Walking in the light means holding ourselves up to God’s holy standard, confessing our sins to God as individuals, and as one body in fellowship, the body of Christ. Walking in the light means having our deeds exposed to ourselves, and then admitting who we really are, sinners saved by grace alone, not hypocrites like actors on the Greek stage in ancient times, who wore masks as they played a character different from who they actually were. And it is easy for Christians to fall into the same practice, of wearing a mask to church, pretending like they’re not sinners. In contrast true Christians encourage one another to admit that they are sinners, and to walk humbly before God relying only on his mercy. I do not mean that we should all be getting in circles and sharing each of our sins in particular with people that have nothing to do with them, that neither knew about them nor were affected by them, because that just leads to a perverse curiosity and a kind of reveling in the sins of others.
8 If we say that we have no sin, we deceive ourselves, and the truth is not in us.
If we say that we have no sin, we lie to ourselves. What a strange thing it is for a person to lie to himself. What good could it do? Yet millions of people are doing this. It must be an act of desperation. Who would rather lie to himself than profess the truth? Only someone who is afraid of the truth would do this. But if we are in the light, we know that the God who is true is also gracious, that he will forgive us, and that we have nothing to lose and everything to gain by admitting our true condition, by letting the light shine in our hearts and on our deeds, and coming to him for mercy.
9 If we confess our sins, he is faithful and just to forgive us our sins, and to cleanse us from all unrighteousness.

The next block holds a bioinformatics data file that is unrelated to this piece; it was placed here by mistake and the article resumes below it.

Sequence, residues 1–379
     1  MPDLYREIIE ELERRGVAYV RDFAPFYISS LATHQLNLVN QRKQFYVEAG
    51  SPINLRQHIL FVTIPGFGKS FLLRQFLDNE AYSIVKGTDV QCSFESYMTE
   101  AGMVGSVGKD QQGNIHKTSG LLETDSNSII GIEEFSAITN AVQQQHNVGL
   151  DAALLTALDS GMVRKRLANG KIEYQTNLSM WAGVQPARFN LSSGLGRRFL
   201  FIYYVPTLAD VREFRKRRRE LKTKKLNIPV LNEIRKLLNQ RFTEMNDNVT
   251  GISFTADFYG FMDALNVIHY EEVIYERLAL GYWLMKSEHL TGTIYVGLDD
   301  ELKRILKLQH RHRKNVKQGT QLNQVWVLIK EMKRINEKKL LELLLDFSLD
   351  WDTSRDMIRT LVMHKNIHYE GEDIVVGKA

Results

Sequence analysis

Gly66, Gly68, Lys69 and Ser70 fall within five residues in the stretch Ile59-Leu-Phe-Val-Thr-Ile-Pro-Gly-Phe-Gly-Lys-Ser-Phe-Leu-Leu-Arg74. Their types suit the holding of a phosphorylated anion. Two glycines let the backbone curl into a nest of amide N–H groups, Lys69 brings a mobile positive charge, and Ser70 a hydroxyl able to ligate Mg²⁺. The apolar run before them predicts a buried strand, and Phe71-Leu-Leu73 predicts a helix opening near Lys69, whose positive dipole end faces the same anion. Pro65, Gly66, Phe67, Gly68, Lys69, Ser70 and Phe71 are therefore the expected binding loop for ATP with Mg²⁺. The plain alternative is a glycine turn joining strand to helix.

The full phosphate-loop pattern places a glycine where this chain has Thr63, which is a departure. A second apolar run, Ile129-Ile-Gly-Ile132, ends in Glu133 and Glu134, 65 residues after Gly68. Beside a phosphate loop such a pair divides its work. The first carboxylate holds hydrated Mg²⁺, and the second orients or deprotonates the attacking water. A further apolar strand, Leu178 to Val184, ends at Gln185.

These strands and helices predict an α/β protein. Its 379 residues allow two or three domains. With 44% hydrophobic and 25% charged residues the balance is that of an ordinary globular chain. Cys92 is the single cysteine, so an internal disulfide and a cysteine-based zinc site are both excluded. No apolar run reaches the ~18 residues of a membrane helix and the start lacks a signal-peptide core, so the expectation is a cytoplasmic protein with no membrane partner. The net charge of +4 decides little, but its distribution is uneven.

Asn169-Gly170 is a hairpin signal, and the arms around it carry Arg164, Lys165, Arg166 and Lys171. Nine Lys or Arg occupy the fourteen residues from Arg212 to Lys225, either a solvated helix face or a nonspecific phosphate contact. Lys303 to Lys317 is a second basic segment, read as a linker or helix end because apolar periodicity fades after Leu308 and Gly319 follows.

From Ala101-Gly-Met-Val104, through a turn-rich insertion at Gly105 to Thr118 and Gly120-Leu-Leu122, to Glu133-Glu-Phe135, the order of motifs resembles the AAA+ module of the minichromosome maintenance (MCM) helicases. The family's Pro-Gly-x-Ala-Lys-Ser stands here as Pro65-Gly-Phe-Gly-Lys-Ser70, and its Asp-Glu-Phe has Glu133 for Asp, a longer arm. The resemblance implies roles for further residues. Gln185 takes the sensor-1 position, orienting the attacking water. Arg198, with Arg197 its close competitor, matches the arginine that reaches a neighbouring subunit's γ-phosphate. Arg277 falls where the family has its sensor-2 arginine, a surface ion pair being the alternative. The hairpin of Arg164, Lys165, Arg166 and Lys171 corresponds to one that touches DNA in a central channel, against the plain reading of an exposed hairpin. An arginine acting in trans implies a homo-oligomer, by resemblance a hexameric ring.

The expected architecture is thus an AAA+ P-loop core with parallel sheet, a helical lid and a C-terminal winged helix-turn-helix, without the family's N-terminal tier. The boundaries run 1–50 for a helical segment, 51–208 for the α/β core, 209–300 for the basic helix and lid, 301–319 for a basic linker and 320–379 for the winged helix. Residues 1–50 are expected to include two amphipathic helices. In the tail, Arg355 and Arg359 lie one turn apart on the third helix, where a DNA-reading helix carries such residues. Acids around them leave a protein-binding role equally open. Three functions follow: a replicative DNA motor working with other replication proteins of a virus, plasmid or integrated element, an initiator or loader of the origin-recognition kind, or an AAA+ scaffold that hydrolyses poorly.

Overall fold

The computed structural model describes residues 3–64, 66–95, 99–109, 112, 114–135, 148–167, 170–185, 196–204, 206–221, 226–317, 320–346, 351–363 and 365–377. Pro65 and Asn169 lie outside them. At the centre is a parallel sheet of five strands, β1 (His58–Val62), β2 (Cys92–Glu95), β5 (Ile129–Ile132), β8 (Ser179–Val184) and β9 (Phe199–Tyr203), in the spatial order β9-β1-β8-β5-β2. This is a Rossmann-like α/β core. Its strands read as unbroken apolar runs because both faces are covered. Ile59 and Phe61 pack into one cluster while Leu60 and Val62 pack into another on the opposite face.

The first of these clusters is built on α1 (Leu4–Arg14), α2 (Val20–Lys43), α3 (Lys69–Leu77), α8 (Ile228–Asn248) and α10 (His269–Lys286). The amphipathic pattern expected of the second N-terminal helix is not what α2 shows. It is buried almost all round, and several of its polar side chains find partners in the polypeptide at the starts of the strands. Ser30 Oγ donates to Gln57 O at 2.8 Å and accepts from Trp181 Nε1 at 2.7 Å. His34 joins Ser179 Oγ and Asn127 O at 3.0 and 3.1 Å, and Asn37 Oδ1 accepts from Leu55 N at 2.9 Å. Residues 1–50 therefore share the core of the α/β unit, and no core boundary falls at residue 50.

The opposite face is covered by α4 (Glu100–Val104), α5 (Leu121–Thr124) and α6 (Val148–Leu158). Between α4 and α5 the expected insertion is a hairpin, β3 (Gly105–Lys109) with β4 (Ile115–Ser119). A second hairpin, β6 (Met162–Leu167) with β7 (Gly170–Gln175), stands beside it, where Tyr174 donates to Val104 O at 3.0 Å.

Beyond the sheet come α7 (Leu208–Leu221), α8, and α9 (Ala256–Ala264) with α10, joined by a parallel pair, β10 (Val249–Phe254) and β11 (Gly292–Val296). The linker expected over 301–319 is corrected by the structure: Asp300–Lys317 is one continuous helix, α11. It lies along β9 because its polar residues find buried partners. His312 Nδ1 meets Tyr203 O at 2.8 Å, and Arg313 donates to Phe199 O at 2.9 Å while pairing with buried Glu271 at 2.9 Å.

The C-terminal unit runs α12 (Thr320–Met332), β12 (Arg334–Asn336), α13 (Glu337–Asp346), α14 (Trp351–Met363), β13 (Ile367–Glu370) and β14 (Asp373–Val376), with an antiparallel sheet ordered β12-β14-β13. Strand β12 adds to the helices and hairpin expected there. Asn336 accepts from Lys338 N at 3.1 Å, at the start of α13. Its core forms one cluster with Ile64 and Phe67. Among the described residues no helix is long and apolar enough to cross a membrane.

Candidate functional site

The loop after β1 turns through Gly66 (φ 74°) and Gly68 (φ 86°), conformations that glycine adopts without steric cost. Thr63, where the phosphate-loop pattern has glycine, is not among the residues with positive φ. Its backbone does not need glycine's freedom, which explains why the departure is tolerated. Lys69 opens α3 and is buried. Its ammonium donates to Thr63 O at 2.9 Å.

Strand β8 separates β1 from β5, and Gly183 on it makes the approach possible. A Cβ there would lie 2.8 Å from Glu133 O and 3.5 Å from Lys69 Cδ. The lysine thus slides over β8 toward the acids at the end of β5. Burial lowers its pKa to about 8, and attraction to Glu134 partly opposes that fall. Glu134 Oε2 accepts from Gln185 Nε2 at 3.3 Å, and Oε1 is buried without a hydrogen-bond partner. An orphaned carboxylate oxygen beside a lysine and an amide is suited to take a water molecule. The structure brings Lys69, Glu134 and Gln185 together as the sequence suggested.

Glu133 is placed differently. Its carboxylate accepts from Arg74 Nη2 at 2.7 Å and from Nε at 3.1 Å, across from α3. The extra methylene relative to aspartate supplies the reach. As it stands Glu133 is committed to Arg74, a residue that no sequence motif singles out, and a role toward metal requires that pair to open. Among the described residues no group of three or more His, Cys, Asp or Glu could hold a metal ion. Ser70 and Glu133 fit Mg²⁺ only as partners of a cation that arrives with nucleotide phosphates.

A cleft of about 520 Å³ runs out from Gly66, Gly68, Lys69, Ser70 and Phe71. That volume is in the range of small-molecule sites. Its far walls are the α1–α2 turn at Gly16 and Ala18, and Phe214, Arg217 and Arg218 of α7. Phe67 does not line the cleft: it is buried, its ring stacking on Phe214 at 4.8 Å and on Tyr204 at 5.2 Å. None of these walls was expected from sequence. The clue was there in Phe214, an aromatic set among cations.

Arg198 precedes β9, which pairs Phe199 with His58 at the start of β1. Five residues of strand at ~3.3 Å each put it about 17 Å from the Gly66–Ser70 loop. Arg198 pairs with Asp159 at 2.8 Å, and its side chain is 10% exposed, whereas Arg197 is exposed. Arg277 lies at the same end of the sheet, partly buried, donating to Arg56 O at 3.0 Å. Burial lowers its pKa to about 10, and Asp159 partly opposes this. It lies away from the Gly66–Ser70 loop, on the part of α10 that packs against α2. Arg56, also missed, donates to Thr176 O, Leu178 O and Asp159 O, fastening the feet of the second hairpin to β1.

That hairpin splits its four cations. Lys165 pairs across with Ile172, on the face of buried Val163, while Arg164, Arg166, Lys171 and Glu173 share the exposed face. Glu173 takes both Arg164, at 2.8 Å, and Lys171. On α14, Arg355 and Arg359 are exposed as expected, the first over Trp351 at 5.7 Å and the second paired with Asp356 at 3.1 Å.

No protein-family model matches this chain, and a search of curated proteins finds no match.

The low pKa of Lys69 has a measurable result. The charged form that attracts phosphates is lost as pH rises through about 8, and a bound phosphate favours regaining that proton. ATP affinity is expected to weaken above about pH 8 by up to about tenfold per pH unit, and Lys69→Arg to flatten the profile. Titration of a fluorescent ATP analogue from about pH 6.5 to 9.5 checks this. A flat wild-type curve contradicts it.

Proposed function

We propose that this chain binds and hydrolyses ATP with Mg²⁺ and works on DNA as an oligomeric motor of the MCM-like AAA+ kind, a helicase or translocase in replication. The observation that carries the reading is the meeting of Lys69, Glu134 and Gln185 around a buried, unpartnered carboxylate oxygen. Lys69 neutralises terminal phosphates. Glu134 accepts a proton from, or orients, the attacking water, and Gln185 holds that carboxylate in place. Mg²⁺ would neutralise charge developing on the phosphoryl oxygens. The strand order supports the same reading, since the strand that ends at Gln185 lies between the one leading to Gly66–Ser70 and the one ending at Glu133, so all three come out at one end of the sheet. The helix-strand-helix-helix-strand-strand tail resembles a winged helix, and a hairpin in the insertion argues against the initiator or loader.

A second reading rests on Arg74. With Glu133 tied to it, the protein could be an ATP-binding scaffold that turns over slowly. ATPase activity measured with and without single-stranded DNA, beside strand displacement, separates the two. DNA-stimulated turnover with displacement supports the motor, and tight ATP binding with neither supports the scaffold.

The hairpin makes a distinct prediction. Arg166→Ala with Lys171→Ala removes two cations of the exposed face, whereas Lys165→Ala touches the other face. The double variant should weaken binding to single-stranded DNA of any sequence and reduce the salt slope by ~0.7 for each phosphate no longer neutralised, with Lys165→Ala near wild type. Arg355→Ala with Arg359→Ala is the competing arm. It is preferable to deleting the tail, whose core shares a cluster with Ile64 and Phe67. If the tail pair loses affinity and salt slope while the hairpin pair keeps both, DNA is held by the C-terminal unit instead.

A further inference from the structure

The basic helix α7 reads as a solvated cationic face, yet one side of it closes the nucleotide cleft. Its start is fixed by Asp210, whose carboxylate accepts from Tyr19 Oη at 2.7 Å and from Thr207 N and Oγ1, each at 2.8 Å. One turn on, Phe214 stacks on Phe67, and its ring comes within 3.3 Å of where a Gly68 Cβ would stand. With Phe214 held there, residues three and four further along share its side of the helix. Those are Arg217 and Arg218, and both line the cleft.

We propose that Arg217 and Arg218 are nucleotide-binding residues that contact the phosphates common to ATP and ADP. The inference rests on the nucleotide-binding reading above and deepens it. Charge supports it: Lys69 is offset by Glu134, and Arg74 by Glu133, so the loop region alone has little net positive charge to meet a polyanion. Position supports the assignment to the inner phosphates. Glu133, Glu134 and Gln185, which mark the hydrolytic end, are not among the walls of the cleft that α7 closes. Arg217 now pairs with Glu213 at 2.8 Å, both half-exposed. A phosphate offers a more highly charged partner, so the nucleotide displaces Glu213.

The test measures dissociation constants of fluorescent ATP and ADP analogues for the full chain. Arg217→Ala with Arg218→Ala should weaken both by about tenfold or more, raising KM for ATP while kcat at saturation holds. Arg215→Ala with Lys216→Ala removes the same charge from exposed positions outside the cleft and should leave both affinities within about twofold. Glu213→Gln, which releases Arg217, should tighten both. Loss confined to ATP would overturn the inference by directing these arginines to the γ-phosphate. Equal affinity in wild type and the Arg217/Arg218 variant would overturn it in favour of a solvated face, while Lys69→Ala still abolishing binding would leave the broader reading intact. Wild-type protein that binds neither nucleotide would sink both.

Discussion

If we walk in the light, we must let the light shine on our deeds, by self-consciously confessing our sins to God in prayer. This is a critical part of prayer that is often lost today. When we come to God, we come to the light. And when the light shines on us, we see who we truly are, sinners in his presence, tainted by pride, greed, lust, hatred, and hypocrisy, and we don’t try to hide it anymore. Walking in the light, we confess our sins to the Father. And we receive his forgiveness, in and through Christ, and are wiped clean. This does not mean that as Christians who have placed our faith in Christ, that our slate has the handwriting of the law written to condemn us once again until we wipe it clean by confessing our sins to God in prayer? No, for then we would live in fear that we might forget to pray at the last moment of our lives, whenever that might happen in this accident-prone world, and then we would be lost forever. Justification is a once-for all act of God, who declares righteous the ungodly sinner, when he or she first places faith in Jesus Christ the Savior. At that moment, he is once and for all forgiven of every sin that he ever has or will commit, and of the sin of his inherited sinful nature itself. But by continually confessing his sins to God, the justified sinner shows that he has this forgiveness. The evidence of having been forgiven is to continually confess ones need for God’s forgiveness for ones sin. In this way we know that we are forgiven.